Forty doctors in Telangana wrote to CM KCR suggesting policy changes and highlighting concerns over the COVID-19 second wave.

Medical personnel in PPE suits inside a COVID-19 wardRepresentative Image: PTI
Coronavirus Coronavirus Saturday, April 24, 2021 - 17:10

Forty doctors from across various hospitals in Telangana have written to Chief Minister K Chandrasekhar Rao highlighting their concerns about the second wave of the COVID-19 pandemic. The letter written by doctors highlights the challenges and the policy responses in emergency healthcare across all departments of the government. Among some of their key suggestions are having a transparent health bulletin, expediting RT-PCR testing, and passing an ordinance to take control over all the oxygen plants in the state. 

Dr Lakshmi Lavanya Alapati, Consultant Endocrinologist, Diabetologist and Managing Director of American Institute of Diabetes and Endocrinology in Hyderabad took the initiative to bring all forty doctors together. Speaking to TNM, Dr Lakshmi Lavanya said, “We saw how the second wave surged suddenly and affected so many people. The health infrastructure was totally exposed. The panic was visible all around. This is not only with respect to Telangana but holds true for the entire country. All the doctors who came together are presently based out of Telangana and hence we had certain points regarding issues in the state.”

“Telangana is docile in bringing out the real numbers and that is where we all have a real problem. Because we are from Telangana, we are writing to bring to the notice of the Telangana CM and the Health Minister but so many points raised are valid for places across the country”, added Dr Lakshmi Lavanya.

An online meeting was organized and doctors also individually put forward their concerns and takeaways regarding the handling of the COVID-19 pandemic. Following the deliberations, a list of takeaways was made and the same has now been sent to CM KCR for consideration.

From suggesting government intervention and regulatory mechanisms, several important points have been highlighted in the letter. The doctors hope that the suggestions put forward will be considered by the government as it will help in a more resilient management of the crisis. Several senior doctors, from the various specializations, working in hospitals in Hyderabad and also from across the state were part of the deliberations and meetings.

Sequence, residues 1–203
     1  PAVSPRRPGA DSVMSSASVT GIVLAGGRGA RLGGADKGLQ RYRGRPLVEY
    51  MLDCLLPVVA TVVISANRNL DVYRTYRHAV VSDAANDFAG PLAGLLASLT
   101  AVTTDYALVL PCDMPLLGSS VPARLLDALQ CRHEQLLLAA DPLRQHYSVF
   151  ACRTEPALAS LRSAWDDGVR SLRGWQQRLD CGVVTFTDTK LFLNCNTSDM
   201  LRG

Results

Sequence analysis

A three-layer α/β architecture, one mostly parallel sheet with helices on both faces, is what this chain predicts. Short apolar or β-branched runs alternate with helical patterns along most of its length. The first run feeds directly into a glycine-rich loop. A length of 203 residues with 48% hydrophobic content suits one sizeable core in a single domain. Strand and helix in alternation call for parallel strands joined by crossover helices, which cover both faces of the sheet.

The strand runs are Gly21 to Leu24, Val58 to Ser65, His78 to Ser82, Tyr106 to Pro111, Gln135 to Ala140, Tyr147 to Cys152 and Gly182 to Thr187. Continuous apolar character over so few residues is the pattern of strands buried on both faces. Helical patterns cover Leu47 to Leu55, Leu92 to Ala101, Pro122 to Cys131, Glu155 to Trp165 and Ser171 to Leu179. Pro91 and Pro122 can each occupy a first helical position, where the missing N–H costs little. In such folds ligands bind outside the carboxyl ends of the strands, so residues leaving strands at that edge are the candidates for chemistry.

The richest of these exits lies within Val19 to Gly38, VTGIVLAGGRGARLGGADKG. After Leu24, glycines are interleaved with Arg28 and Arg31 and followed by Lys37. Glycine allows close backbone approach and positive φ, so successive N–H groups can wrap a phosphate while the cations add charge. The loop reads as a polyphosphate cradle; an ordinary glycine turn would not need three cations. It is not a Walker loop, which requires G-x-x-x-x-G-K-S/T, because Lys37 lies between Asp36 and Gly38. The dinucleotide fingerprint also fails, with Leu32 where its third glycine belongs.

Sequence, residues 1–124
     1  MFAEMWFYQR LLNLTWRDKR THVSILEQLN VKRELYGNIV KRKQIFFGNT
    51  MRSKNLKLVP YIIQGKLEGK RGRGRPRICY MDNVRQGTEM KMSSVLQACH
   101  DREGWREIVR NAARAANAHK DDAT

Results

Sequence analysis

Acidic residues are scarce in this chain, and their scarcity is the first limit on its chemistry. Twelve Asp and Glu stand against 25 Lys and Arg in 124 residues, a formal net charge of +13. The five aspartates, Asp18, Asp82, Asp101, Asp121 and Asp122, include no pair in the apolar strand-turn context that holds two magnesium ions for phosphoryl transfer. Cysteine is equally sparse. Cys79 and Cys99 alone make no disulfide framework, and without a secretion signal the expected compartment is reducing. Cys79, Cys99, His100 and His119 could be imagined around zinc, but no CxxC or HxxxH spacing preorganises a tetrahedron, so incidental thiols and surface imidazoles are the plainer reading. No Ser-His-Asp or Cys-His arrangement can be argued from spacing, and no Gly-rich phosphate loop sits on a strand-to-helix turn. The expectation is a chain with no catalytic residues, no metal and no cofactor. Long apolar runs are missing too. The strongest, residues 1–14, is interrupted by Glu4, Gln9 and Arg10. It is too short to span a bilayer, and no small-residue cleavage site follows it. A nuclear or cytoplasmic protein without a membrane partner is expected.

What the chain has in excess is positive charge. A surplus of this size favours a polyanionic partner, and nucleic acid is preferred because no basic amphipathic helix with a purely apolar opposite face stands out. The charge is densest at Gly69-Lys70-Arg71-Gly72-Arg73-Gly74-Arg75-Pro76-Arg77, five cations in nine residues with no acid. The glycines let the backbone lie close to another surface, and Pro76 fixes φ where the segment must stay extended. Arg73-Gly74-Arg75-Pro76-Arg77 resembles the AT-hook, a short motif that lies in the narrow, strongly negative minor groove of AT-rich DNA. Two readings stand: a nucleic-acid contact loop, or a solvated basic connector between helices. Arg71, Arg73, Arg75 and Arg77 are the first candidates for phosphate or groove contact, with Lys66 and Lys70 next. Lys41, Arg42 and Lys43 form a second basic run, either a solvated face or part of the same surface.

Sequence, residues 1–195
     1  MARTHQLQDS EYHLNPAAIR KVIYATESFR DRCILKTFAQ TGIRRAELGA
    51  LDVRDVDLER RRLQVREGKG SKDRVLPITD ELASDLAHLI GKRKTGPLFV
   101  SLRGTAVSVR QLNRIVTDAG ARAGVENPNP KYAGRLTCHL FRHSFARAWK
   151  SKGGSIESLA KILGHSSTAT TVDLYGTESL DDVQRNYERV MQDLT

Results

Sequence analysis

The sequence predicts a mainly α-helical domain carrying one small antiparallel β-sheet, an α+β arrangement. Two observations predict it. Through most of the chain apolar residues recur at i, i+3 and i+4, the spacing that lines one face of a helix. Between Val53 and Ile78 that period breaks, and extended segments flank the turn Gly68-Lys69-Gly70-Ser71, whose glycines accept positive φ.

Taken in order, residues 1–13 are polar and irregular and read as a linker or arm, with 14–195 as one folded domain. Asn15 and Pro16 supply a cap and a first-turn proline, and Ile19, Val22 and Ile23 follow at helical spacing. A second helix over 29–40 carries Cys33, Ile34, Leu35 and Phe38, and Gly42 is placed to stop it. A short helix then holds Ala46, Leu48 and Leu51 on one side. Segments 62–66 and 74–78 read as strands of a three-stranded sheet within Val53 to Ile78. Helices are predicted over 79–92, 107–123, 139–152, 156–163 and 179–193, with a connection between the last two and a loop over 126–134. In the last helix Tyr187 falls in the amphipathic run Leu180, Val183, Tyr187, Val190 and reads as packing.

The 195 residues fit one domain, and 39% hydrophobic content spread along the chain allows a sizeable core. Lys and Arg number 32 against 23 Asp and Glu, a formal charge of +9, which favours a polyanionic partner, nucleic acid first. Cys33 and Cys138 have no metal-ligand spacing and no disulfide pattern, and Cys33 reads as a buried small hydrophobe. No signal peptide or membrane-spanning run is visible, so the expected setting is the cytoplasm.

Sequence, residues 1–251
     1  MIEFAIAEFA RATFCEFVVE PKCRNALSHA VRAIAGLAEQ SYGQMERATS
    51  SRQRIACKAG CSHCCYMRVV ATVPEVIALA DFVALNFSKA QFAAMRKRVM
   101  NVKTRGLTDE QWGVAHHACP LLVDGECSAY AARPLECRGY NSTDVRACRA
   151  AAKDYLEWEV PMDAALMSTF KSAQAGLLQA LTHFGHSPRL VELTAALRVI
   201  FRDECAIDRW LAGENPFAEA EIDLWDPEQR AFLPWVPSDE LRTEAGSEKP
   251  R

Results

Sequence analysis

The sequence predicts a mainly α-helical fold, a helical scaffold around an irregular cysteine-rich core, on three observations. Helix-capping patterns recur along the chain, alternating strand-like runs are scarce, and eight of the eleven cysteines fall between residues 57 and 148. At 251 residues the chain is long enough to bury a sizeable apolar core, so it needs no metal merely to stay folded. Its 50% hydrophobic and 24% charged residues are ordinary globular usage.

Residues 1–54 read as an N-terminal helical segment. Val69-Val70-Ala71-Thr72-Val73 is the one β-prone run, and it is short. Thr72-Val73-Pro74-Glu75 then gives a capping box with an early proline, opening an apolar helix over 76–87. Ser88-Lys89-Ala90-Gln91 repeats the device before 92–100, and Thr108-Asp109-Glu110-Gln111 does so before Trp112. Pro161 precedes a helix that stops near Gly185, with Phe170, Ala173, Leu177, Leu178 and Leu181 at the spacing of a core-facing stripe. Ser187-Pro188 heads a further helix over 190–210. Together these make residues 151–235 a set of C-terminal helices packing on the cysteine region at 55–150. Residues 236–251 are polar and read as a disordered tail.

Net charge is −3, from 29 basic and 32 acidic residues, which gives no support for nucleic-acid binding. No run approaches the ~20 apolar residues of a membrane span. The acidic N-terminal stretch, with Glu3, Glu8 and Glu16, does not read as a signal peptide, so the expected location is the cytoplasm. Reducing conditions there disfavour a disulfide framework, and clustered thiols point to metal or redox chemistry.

Some of the main points highlighted in the letter are-

1) Invoke emergency provisions and full implementation of ‘disaster management act’ to combat a war-like rescue zone to provide all needed facilities such as N-95 masks, PPE kits, ventilators, medical oxygen, essential medications, by the manufacturers as a priority to provide for the needful.

2) Emphasis on well-fitting masks. Manufacture, sale and use of sub-optimal masks should be discouraged. Government should provide masks to poor people in the lower socio-economic strata.

3) Need for government intervention to make available emergency medications such as Remdesevir etc. in a fair and quick way to the hospital facilities to avoid price gouging by various players with vested interests. Remdesivir and Tocilizumab are injectables given only in hospitals, so should be completely available in “in-patient pharmacies” of hospitals under prescription by treating doctors, no other route should be available for people to scramble about. The same is the case with medical oxygen.

4) Ordinance to take control over all the oxygen plants in the hands of the government and channelize the distribution through one window.

5) Consider using a hospital preparedness checklist and the COVID-19 surge spreadsheet to estimate and respond to the surge in demand for hospital-based services. Consider setting up an Emergency Operations Center (EOC) for hospitals if not already in place and ensure the EOC has enough staff for an extended response.

6) Expedition of RT-PCR testing and the turn-around time of conveying test results in the public health sector by keeping the availability of test analyzers and lab technicians at multiple nearby spots of testing facilities. RT-PCR/RAT testing centers should avail 24 hours service in the public health sector to cover the needs of the emergency.

7) Having a transparent health bulletin to display the test positivity, and daily active cases, deaths and discharges; also an active dashboard of bed availability of isolation beds with oxygen facility, ICU/ non ICU beds in both public and private health sector for patients to easily choose their care based on their budget, location, and bed availability.

8) Procurement of vaccines from the manufacturers as pre-orders at the earliest to reach our demands as the new guidelines decentralized the vaccination drive. There should be strict price caps and strict vigilance to not slip vaccines into third-party middlemen with high prices.

9) Provisions of incentives, compensation, and adequate rest/ break time to the COVID care doctors, nurses, and paramedic teams to ensure commitment and endurance in the public health sector during these difficult times of pandemic fatigue.

10) Private hospitals charging beyond the norms should be checked by peer review and legal committees to have a cap on the price.

11) Dead body disposal protocols should be standardized across to all private and public hospitals and the enforcement should be guided by law and enforcement

12) Pushing for more genomic sequencing of RT-PCR samples to understand the new variants and this will help to understand rediscovering newer second generation vaccines to prevent the third wave.

13) Finally, gaining the trust of people of Telangana by connecting to them, by displaying the numbers correctly and honestly admitting the problems and challenges.

READ: Telangana is majorly underreporting its COVID-19 cases

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